For the orange flower syrup • 200ml/ 3/4 cup water • 100g/ 1/2 cup sugar • 1tsp orange flower water
Prepare the dough the day before: 1. Combine the flour, salt, sugar and yeast in the bowl of a mixer (the salt and yeast should not be touching). Add three eggs and mix on medium speed for three minutes, then on high speed for 6-7 minutes. 2. Add the diced butter piece by piece on medium speed until incorporated. Turn the speed back to high until the dough is shiny, smooth and does not stick to the side of the bowl. 3. Transfer the dough to another bowl, cover and let rise for 40-60 minutes, until approximately doubled in size. 4. Flatten the dough into a circle, wrap with clingfilm and leave in the refrigerator overnight.
On the day: 1. Prepare the pastry cream. Slit the vanilla bean lengthwise, and scrape the seeds out using the back of a knife. Place the vanilla seeds, vanilla pod and milk in a saucepan and heat to scalding point. Meanwhile, whisk the egg yolks with the sugar, then add the flour and cornflour, and whisk until smooth. 2. Gradually pour the hot milk on to the egg mixture, whisking constantly. Transfer the mixture back into the saucepan and return to the stove on medium heat. Keep whisking until the cream boils. Remove the saucepan and transfer the pastry cream into a clean bowl. Cover with clingfilm to prevent a skin from forming on surface. Cool to room temperature, then place in the refrigerator for at least two hours. 3. To assemble the filling, remove the pastry cream from the refrigerator and whisk to loosen it. Whip the double cream in a mixer until stiff. Using a whisk, combine the pastry cream, whipped cream and orange flower water. Set aside in the refrigerator. 4. To bake the brioche, remove the dough from the refrigerator 15-20 minutes before using. Roll into a 24cm (9in) circle. Transfer to a baking sheet lined with parchment paper. Whisk the remaining egg in a small bowl for the egg wash. Brush the dough with egg wash, cover and let rise for 11/ 2- 2 hours. 5. Preheat the oven to 170°C/340° F. Brush the dough with egg wash again, and sprinkle sugar crystals on top. Bake for 20-25 minutes, until golden, then remove from the oven and place on a cooling rack. 6. For the syrup, boil the water and pour over the sugar to melt it. When the syrup has cooled, add the orange flower water. Set aside. 7. To assemble, slice the cooled brioche in half horizontally. Place the bottom half on a serving plate and brush the cut side of both halves with orange flower syrup. Pipe the filling over the bottom half of the brioche in circles using a pastry bag, or spread it with a spatula. Carefully place the other half of the brioche on top. Keep in the refrigerator until serving. Just before serving, dust with icing sugar.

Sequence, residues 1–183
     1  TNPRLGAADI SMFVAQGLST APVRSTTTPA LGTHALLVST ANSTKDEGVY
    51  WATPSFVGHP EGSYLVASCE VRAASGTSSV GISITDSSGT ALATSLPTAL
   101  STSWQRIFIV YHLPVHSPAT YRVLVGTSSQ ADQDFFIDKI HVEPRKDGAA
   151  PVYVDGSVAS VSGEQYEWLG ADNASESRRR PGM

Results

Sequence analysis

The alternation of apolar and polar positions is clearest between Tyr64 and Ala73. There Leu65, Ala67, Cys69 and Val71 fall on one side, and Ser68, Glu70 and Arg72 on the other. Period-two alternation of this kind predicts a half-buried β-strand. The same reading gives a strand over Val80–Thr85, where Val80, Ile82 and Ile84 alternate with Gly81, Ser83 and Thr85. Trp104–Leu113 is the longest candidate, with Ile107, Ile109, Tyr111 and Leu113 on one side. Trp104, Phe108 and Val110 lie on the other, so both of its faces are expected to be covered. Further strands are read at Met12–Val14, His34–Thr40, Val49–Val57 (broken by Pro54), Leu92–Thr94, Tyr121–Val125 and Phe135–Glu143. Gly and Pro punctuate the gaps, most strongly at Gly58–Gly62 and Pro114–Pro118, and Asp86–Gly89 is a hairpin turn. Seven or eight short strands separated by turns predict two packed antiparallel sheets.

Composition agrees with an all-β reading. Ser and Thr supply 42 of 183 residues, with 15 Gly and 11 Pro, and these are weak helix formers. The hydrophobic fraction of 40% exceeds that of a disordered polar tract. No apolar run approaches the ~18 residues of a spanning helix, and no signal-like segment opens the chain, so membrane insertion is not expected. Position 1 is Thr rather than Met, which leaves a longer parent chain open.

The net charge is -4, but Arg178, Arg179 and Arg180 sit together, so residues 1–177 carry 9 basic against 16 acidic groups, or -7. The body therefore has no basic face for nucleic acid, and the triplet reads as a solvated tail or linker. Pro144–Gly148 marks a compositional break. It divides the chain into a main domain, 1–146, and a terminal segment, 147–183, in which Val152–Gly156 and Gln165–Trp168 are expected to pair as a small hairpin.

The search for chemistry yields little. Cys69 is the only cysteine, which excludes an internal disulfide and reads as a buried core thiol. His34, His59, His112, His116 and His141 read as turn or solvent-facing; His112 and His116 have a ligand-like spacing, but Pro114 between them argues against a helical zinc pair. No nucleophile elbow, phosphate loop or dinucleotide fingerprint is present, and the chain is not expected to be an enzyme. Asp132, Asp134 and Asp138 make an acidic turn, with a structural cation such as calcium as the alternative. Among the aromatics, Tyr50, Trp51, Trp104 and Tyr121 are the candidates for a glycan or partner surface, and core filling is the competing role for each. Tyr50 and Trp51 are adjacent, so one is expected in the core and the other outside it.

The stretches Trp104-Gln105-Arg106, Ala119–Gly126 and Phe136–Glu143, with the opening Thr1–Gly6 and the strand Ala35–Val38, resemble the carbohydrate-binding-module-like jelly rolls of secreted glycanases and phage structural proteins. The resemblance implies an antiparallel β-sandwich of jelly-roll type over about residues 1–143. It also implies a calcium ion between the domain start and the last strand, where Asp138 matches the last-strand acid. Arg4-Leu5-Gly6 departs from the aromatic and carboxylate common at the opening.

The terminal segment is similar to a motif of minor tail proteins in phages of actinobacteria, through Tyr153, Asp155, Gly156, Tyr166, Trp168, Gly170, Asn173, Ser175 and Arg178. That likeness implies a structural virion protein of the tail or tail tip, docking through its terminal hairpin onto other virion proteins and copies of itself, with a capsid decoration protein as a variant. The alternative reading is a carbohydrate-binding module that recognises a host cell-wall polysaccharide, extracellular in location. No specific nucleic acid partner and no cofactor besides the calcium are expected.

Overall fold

ABOVE: The waterfront at Saint-tropez on the Côte d’azur
Food critic and cookbook author Rosa Jackson lives in Nice, where she runs the cookery school Les Petits Farcis and writes about food for publications worldwide.